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DutchEdit

EtymologyEdit

From Middle Dutch grof, from Old Dutch *grof, from Proto-Germanic *grubaz.

PronunciationEdit

  • IPA(key): /ɣrɔf/
  • Rhymes: -ɔf
  • (file)

AdjectiveEdit

grof (comparative grover or groffer, superlative grofst)

  1. rough, coarse
  2. rude

InflectionEdit

(either)

Inflection of grof
uninflected grof
inflected grove
comparative grover
positive comparative superlative
predicative/adverbial grof grover het grofst
het grofste
indefinite m./f. sing. grove grovere grofste
n. sing. grof grover grofste
plural grove grovere grofste
definite grove grovere grofste
partitive grofs grovers

(or less commonly)

Inflection of grof
uninflected grof
inflected groffe
comparative groffer
positive comparative superlative
predicative/adverbial grof groffer het grofst
het grofste
indefinite m./f. sing. groffe groffere grofste
n. sing. grof groffer grofste
plural groffe groffere grofste
definite groffe groffere grofste
partitive grofs groffers

AntonymsEdit

Derived termsEdit

DescendantsEdit


Middle DutchEdit

EtymologyEdit

From Old Dutch *grof, from Proto-Germanic *grubaz.

AdjectiveEdit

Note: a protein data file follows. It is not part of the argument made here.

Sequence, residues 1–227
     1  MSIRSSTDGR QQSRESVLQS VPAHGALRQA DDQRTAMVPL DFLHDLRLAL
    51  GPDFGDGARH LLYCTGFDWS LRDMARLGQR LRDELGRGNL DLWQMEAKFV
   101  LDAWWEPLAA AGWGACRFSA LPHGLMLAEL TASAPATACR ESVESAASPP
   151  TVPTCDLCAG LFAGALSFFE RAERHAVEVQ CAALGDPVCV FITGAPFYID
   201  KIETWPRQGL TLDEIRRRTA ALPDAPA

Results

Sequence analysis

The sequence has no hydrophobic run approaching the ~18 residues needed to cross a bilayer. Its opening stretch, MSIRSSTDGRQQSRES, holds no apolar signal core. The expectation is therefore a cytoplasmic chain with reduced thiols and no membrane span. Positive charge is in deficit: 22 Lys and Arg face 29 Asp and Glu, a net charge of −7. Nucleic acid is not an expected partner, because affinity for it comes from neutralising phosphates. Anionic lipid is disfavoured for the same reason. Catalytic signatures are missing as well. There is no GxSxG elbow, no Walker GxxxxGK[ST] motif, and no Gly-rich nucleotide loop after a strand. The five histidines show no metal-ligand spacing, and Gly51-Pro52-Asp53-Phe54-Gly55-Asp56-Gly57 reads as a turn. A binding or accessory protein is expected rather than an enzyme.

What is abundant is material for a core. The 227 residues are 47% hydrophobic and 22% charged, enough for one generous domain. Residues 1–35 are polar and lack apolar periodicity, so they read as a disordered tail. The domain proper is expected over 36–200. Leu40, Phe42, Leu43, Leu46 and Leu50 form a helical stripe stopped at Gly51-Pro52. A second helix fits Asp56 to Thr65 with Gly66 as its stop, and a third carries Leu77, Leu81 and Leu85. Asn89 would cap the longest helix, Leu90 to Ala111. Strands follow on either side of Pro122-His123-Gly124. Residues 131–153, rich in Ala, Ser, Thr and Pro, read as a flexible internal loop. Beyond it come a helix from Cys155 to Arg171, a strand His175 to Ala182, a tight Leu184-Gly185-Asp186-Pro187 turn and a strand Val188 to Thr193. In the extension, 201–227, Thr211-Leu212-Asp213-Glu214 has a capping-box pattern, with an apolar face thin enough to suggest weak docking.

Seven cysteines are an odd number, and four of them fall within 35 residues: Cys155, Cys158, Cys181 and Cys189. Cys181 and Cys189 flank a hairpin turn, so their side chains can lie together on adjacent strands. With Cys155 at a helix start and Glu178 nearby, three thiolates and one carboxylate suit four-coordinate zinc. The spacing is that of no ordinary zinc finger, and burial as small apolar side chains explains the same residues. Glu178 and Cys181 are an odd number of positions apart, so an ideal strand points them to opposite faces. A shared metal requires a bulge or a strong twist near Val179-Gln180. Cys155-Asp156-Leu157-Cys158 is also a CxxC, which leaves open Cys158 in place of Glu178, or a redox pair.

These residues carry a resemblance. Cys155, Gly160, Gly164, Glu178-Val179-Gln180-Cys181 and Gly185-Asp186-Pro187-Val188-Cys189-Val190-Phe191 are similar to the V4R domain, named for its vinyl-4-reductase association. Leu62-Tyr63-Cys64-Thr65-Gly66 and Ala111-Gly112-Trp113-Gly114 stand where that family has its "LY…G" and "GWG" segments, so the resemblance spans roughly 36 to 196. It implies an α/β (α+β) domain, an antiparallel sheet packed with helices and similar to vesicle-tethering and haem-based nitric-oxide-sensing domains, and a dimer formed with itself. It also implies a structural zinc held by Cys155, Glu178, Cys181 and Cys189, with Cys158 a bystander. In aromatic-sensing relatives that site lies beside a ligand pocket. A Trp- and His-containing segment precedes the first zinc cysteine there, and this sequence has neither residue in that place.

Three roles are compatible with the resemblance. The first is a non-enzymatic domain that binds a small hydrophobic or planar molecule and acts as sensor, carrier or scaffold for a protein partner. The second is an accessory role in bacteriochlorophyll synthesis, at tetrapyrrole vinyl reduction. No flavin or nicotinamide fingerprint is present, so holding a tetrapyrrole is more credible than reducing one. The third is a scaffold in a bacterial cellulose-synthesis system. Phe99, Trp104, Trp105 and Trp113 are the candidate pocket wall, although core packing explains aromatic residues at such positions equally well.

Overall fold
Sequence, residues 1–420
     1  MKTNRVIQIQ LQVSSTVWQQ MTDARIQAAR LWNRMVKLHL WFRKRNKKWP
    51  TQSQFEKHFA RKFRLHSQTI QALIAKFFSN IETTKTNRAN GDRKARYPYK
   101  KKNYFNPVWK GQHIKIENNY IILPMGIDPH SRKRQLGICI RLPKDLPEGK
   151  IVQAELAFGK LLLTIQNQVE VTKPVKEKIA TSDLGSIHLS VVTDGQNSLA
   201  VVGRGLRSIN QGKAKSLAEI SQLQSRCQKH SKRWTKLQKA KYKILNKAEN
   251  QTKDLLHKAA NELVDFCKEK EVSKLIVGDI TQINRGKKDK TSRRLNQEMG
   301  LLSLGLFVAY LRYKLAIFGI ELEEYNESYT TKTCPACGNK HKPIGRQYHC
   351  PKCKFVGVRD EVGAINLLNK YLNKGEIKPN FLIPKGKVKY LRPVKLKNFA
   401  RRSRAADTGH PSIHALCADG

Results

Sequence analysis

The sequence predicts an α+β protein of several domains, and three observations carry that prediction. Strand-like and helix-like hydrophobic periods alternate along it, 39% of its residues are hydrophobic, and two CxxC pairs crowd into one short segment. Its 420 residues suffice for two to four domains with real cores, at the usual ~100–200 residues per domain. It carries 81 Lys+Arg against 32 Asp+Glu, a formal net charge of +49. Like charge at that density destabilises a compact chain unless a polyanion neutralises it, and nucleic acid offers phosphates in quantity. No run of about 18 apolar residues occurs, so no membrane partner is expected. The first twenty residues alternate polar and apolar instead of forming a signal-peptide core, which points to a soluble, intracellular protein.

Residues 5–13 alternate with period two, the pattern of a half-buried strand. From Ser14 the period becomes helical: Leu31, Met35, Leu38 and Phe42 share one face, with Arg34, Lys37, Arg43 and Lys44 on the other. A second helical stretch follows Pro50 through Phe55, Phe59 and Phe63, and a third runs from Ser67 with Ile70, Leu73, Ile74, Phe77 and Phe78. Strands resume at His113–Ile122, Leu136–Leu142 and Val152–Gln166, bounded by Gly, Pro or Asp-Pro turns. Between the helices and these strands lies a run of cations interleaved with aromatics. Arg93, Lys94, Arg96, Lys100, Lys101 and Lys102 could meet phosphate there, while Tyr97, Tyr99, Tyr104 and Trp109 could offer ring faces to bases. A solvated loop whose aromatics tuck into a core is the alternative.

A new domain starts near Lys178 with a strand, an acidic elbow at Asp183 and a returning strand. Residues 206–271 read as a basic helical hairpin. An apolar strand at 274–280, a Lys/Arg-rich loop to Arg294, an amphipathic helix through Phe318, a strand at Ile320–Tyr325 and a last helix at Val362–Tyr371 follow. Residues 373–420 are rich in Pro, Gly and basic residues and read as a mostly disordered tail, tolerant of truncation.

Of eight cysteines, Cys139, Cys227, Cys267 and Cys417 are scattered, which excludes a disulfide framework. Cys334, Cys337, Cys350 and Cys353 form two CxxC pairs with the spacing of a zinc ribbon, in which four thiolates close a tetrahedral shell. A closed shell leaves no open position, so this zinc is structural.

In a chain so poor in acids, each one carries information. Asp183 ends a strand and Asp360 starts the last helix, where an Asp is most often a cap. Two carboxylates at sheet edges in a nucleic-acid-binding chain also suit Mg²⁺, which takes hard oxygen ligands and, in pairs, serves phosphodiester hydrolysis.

grof

  1. thick
  2. large, great
  3. course, rough

InflectionEdit

This adjective needs an inflection-table template.

DescendantsEdit

Further readingEdit

  • grof (I)”, in Vroegmiddelnederlands Woordenboek, 2000
  • grof (I)”, in Middelnederlandsch Woordenboek, 1929

Middle EnglishEdit

NounEdit

grof

  1. Alternative form of grove

Serbo-CroatianEdit

NounEdit

grȍf m (Cyrillic spelling гро̏ф)

  1. count
  2. earl

DeclensionEdit


SloveneEdit

 
Slovene Wikipedia has an article on:
Wikipedia sl

PronunciationEdit

NounEdit

grȍf m anim (female equivalent grofíca)

  1. count (male ruler of a county)

InflectionEdit

Masculine anim., hard o-stem
nom. sing. gròf
gen. sing. grôfa
singular dual plural
nominative gròf grôfa grôfi
grôfje
accusative grôfa grôfa grôfe
genitive grôfa grôfov grôfov
dative grôfu grôfoma grôfom
locative grôfu grôfih grôfih
instrumental grôfom grôfoma grôfi

WestrobothnianEdit

EtymologyEdit

From Old Norse gróf, from Proto-Germanic *grōbō. Cognate with English greave, groove.

PronunciationEdit

NounEdit

gro´f f (definite singular gro´fwă, definite plural grōfwĕn)

  1. A ditch.[1]
    lang grofwathe/a long ditch
  2. A valley, ravine.

Related termsEdit

  • grȫf (to dyke ditches)

ReferencesEdit

  1. ^ Stenberg, Pehr, Widmark, Gusten “grov f gro´f”, in Ordbok över Umemålet [Dictionary of the Umeå speech], →ISBN, page 43